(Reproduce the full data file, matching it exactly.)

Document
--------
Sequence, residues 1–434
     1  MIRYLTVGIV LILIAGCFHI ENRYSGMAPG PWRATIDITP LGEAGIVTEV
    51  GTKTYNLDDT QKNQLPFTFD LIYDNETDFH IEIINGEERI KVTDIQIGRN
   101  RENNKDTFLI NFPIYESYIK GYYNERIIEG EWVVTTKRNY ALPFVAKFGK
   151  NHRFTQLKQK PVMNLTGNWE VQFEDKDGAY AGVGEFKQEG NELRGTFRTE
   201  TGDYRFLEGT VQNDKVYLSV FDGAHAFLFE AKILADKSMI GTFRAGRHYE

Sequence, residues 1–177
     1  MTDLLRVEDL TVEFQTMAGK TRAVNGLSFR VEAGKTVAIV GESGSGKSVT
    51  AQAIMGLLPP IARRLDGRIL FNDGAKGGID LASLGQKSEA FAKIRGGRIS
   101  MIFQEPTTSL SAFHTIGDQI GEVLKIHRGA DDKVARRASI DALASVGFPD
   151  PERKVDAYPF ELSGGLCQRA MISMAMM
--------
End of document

Sequence, residues 1–434
     1  MIRYLTVGIV LILIAGCFHI ENRYSGMAPG PWRATIDITP LGEAGIVTEV
    51  GTKTYNLDDT QKNQLPFTFD LIYDNETDFH IEIINGEERI KVTDIQIGRN
   101  RENNKDTFLI NFPIYESYIK GYYNERIIEG EWVVTTKRNY ALPFVAKFGK
   151  NHRFTQLKQK PVMNLTGNWE VQFEDKDGAY AGVGEFKQEG NELRGTFRTE
   201  TGDYRFLEGT VQNDKVYLSV FDGAHAFLFE AKILADKSMI GTFRAGRHYE

Sequence, residues 1–177
     1  MTDLLRVEDL TVEFQTMAGK TRAVNGLSFR VEAGKTVAIV GESGSGKSVT
    51  AQAIMGLLPP IARRLDGRIL FNDGAKGGID LASLGQKSEA FAKIRGGRIS
   101  MIFQEPTTSL SAFHTIGDQI GEVLKIHRGA DDKVARRASI DALASVGFPD
   151  PERKVDAYPF ELSGGLCQRA MISMAMM